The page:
In China though it’s a vastly different affair. You may have seen the images of millions of Chinese workers traveling from the large city that they work in and going back to their small (small is always a relative word in China) home towns to visit family. For the Chinese worker who typically works 6 days a week and 10 hour+ days, this is the one time of the year to travel back home and see their family. In some ways it’s similar to American Thanksgiving in this regard.
And whereas for the Chinese like my wife in Canada celebrating Chinese New Year for one night or weekend, in China it’s much longer. You might have heard that it’s one week. This is complete irrational optimism. For most factories, Chinese New Year tends to be at least 2 weeks+. Our largest Supplier sent us an email letting us know that they are shut down for almost the entire month of February. Even if factories aren’t officially shut down this long, they’re almost certainly working at less than maximum capacity for much longer than a week.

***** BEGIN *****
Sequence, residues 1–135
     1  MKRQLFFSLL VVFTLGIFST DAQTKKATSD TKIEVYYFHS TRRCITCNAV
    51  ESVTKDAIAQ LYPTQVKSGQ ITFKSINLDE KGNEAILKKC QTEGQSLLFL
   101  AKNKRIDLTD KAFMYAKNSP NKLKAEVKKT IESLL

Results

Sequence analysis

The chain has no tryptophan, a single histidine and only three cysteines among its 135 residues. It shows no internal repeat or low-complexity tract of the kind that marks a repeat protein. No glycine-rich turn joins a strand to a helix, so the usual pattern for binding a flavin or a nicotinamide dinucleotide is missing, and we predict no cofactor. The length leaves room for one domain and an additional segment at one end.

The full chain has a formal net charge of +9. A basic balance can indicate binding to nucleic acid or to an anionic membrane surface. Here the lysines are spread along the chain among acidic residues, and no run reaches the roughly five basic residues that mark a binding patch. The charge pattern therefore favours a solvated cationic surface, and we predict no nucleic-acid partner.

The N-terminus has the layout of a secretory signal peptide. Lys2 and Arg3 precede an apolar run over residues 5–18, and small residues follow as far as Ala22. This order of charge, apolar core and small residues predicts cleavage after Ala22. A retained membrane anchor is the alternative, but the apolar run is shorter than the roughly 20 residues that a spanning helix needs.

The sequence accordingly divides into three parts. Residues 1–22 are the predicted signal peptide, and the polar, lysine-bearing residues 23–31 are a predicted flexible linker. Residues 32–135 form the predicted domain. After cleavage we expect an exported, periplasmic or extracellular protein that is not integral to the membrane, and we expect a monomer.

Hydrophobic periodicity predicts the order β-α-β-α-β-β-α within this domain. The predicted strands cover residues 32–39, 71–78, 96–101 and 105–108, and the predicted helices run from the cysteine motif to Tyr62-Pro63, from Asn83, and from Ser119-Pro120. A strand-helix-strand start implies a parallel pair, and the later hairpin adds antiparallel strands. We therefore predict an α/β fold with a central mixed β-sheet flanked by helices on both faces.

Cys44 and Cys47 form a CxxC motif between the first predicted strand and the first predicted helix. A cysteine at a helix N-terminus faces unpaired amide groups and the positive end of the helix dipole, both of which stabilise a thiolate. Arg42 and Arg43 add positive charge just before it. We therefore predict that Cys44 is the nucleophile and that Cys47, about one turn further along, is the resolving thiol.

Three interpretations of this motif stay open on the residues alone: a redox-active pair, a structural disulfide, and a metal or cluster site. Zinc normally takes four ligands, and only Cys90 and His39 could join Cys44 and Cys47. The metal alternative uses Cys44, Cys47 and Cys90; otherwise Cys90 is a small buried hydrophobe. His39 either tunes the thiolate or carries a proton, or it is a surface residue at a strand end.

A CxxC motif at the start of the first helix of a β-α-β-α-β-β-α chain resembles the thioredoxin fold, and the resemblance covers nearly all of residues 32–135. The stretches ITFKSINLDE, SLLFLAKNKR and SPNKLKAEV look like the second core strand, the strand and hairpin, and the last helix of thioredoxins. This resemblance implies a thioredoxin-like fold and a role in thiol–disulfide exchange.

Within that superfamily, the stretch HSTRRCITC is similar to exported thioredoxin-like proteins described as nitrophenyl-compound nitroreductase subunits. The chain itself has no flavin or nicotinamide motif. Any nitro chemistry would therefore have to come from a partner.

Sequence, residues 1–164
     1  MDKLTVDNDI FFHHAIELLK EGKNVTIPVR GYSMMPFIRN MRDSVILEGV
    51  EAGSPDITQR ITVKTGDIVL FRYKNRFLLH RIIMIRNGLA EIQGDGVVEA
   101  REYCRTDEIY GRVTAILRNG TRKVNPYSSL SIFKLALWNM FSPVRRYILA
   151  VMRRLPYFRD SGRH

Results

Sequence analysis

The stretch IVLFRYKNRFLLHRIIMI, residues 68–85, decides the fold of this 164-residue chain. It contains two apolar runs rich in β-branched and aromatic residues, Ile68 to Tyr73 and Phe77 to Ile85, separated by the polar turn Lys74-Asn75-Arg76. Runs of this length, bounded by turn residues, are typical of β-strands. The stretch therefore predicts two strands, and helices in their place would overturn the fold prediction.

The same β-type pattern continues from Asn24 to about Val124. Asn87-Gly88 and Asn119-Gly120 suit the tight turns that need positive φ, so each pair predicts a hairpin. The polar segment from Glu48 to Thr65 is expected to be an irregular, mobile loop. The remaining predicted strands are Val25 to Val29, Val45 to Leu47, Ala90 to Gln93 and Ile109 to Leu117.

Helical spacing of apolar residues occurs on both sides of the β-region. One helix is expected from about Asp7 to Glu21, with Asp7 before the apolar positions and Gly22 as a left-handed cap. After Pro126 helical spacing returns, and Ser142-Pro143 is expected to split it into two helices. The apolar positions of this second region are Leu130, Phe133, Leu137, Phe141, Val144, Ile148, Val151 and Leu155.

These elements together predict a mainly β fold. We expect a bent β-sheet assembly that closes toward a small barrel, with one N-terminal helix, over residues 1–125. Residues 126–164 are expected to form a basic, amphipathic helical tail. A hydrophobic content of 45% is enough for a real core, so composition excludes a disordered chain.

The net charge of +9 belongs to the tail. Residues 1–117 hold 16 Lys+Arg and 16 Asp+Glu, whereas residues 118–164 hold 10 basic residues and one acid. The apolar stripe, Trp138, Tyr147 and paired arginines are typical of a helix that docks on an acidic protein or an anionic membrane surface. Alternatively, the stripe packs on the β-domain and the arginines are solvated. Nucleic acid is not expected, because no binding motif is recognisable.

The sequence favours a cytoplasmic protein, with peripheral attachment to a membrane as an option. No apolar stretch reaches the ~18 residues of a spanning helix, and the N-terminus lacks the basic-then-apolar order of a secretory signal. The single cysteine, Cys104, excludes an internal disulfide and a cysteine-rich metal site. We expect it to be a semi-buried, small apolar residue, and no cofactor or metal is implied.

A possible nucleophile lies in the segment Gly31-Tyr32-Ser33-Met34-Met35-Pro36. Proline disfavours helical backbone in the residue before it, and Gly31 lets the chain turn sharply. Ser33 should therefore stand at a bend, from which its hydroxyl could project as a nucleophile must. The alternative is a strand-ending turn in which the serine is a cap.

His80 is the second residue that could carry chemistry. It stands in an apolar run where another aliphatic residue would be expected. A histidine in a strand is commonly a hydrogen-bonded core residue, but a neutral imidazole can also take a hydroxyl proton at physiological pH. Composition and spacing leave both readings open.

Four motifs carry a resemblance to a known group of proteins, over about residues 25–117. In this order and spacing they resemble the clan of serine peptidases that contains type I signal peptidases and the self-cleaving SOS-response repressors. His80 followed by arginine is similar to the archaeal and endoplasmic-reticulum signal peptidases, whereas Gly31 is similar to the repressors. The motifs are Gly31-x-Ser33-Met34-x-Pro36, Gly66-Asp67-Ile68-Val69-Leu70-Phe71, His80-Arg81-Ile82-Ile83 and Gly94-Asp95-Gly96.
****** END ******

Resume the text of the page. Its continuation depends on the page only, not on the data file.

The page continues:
So with this understanding of Chinese New Year behind us, here’s five tips I’ve learned regarding Chinese New Year.
Tip #1 Ask Your Supplier the Deadline for Chinese New Year Orders
Always ask your Supplier in advance when the latest you can submit an order by to have it completed before Chinese New Year. And I don’t mean asking them in December. I mean WELL in advance.